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Bleached Corals: Grasping Victory from the Jaws of Death?
Lewis, C.L. and Coffroth, M.A.  2004.  The acquisition of exogenous algal symbionts by an octocoral after bleaching.  Science 304: 1490-1492.

Little, A.F., van Oppen, M.J.H. and Willis, B.L.  2004.  Flexibility in algal endosymbioses shapes growth in reef corals.  Science 304: 1492-1494.

The authors of these back-to-back but independent papers in Science investigated the nature of symbiont recruitment and growth following bleaching in reef corals in order to further our understanding of the adaptive bleaching hypothesis, which in the words of Little et al. "postulates that hosts may be repopulated by better-adapted algal endosymbionts after bleaching."

What was done
In a controlled experiment, Lewis and Coffroth induced bleaching in a Caribbean octocoral (Briareum sp.) and then exposed it to exogenous Symbiodinium sp. containing rare variants of the chloroplast 23S ribosomal DNA (rDNA) domain V region (cp23S-genotype), after which they documented the symbionts' repopulation of the coral, whose symbiont density was reduced to less than 1% of its original level by the bleaching.  In a somewhat analogous study, Little et al. investigated the acquisition of symbionts by juvenile Acropora tenuis corals growing on tiles they attached to different portions of reef at Nelly Bay, Magnetic Island (an inshore reef in the central section of Australia's Great Barrier Reef).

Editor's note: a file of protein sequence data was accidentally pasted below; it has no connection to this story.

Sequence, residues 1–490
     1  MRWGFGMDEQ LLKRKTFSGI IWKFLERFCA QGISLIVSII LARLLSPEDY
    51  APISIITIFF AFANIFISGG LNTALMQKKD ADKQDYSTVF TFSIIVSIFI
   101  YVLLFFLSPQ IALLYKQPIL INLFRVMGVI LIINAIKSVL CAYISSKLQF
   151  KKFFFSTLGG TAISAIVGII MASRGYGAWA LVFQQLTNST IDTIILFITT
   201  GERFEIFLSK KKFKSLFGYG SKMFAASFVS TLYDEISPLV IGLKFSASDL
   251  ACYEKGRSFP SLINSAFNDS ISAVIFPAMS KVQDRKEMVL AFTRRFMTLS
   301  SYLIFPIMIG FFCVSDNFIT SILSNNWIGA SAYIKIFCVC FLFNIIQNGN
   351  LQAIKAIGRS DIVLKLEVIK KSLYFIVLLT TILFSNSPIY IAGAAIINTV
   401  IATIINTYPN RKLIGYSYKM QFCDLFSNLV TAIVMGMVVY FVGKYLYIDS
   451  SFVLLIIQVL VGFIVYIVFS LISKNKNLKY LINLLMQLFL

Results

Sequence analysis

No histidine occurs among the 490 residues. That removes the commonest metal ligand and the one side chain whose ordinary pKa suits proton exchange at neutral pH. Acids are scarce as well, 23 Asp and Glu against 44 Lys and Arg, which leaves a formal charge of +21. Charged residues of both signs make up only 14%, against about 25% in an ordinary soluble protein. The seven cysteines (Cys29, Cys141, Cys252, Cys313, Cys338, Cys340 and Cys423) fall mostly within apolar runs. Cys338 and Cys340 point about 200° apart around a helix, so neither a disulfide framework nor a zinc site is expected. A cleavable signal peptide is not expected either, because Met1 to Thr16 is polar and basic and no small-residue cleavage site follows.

What was learned
Lewis and Coffroth say the results of their study show that "the repopulation of the symbiont community involved residual populations within Briareum sp., as well as symbionts from the surrounding water," noting that "recovery of coral-algal symbioses after a bleaching event is not solely dependent on the Symbiodinium complement initially acquired early in the host's ontogeny," and that "these symbioses also have the flexibility to establish new associations with symbionts from an environmental pool."  Similarly, Little et al. report that "initial uptake of zooxanthellae by juvenile corals during natural infection is nonspecific (a potentially adaptive trait)," and that "the association is flexible and characterized by a change in (dominant) zooxanthella strains over time."

What it means
Lewis and Coffroth conclude that "the ability of octocorals to reestablish symbiont populations from multiple sources provides a mechanism for resilience in the face of environmental change," while Little et al. say that the "symbiont shuffling" observed by both groups "represents a mechanism for rapid acclimatization of the holobiont to environmental change."  Hence, the results of both studies demonstrate the reality of a phenomenon whereby corals could indeed "grasp victory from the jaws of death" in the aftermath of a severe bleaching episode, which is also implied by the fact - cited by Lewis and Coffroth - that "corals have survived global changes since the first scleractinian coral-algal symbioses appeared during the Triassic, 225 million years ago."

Reviewed 21 July 2004